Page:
My friend wrote today suggesting that I was stuck in neutral right now as I await surgery and post-surgical chemotherapy.
I think he's right. It's something like the waiting I had to do before the definitive diagnosis. In mid-December, I had already done a lot of research and had a pretty good grasp of what my medical scenario would be...but we had to wait for the medical board to meet and confirm the treatment protocol. My mind was racing, but the surgical oncologist's executive assistant was recommending that I put my brain in neutral.
Now, it's just a description of where I am. The only evidence of progress is the daily incremental improvement in my overall fatigue. I can look forward to each new day being better than the day before.
Evidence of that improvement is being able to go back to on-site work at Pano Cap. Yesterday, I was able to put in about 4 hours, today about 5 hours. Starting Monday, I hope to be on-site 8 hours a day.
Even so, there are moments when I realize how tough things will be. Financially, although I have decent weekly indemnity, I confirmed that my income will be substantially reduced - 66% of my regular pay. Unfortunately, there is also a ceiling in the plan for weekly indemnity which is quite a bit less than the 66% figure. Yes, I can use sick days and vacation days to top the WI off. Then, when I feel ready to do some part-time work, the maximum will be 85% of my regular salary. The weekly indemnity will be reduced by the same number of hours I am able to do off-site work from my home or even on-site work.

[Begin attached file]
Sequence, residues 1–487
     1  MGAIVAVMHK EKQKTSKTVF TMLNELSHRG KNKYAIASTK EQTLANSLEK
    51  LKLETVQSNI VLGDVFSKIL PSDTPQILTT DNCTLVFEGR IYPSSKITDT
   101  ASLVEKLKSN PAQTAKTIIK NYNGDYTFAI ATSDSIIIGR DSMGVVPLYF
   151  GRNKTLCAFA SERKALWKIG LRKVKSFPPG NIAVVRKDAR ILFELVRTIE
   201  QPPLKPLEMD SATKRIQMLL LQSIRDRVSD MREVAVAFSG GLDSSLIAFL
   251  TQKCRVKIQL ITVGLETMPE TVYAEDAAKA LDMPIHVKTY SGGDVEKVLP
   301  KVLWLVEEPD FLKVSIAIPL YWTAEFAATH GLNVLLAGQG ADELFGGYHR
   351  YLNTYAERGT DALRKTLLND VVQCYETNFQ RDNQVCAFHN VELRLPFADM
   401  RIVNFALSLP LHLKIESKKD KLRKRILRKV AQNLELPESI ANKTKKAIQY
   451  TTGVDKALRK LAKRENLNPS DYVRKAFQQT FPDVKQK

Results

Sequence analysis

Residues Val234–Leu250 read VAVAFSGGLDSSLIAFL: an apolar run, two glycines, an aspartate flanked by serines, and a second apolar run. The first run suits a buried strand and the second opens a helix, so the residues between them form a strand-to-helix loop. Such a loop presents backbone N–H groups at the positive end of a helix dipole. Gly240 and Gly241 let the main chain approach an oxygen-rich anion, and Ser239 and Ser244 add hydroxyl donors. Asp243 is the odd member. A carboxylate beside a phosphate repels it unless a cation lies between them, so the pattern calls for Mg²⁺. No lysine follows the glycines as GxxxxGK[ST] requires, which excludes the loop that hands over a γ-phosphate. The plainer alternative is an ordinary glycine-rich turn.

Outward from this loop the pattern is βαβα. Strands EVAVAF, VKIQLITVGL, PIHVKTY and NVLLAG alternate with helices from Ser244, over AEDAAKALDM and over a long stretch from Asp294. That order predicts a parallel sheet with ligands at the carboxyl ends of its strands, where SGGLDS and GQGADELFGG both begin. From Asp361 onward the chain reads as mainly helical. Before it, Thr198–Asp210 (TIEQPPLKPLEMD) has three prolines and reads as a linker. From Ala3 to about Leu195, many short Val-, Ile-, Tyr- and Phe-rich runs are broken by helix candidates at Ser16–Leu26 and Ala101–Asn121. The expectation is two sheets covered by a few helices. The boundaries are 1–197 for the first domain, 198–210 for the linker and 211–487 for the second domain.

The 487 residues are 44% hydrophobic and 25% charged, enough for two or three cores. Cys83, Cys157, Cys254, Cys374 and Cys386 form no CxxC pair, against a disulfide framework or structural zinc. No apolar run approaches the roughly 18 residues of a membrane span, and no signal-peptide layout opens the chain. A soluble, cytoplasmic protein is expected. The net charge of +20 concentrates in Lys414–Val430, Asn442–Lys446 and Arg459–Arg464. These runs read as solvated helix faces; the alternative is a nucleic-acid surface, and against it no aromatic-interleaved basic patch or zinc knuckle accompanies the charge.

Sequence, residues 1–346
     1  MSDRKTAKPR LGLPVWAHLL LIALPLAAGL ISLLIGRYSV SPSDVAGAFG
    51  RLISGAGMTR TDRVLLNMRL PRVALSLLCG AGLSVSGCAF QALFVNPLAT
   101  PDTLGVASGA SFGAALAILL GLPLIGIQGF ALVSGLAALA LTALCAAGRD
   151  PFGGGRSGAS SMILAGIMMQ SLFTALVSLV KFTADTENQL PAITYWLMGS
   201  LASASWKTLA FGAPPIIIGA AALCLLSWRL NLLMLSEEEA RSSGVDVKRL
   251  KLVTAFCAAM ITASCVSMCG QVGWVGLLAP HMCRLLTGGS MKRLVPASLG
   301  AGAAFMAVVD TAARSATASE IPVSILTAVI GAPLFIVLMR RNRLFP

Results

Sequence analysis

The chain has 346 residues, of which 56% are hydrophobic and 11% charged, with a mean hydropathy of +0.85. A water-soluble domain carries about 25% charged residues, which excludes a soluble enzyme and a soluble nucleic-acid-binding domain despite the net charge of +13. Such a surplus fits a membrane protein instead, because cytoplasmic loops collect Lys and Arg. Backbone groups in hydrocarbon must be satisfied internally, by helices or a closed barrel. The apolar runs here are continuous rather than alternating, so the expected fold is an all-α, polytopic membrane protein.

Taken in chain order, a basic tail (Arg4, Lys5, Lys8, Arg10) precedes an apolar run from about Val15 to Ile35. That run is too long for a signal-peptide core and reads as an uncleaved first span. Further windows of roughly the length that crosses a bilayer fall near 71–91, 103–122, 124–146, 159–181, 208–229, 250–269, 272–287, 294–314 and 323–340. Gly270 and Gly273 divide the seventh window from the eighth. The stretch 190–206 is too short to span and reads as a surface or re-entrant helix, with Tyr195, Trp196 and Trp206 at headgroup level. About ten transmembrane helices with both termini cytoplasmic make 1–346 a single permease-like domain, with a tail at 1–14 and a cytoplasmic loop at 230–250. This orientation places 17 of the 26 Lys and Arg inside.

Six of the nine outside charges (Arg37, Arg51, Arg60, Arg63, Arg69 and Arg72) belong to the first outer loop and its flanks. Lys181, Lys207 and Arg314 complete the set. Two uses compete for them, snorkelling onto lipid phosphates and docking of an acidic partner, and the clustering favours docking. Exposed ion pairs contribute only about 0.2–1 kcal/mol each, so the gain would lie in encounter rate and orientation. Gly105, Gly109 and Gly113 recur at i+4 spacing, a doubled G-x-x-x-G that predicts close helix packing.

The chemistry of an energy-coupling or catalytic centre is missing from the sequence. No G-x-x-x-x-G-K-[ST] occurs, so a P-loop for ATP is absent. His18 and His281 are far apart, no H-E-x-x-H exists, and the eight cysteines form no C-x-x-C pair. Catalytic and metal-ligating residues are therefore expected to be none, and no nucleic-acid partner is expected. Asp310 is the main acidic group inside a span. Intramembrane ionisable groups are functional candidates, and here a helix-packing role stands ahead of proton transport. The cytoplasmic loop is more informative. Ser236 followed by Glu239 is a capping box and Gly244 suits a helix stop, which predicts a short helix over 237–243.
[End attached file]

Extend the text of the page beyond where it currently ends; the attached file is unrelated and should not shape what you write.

All of this makes sense, but it struck home today. Sure, I won't be spending much money while recovering from surgery. And yes, we'll do alright financially, but I won't be contributing much to the bottom line for our family. I'll be a physical burden and a modest financial contributor.
I know, I know. It's cancer man! In fact, one person who was answering questions about the group benefits plan asked our HR person if I had any idea just how hard the surgery and subsequent treatment will be on me. I've read the stories, but never having experienced major surgery before, it still seems abstract.
It's a balancing act. One person who linked to my post on Cancer Casualties actually helped me find that balance today. Robert wrote, "What is hope without sadness that gives it legs to run wild through your soul?" The context then was sadness for my aunt's loss and hope for myself. Today, it is an appreciation for the seriousness of the struggles my family will face coupled with a confirmation of all the resources I bring to the surgical table.
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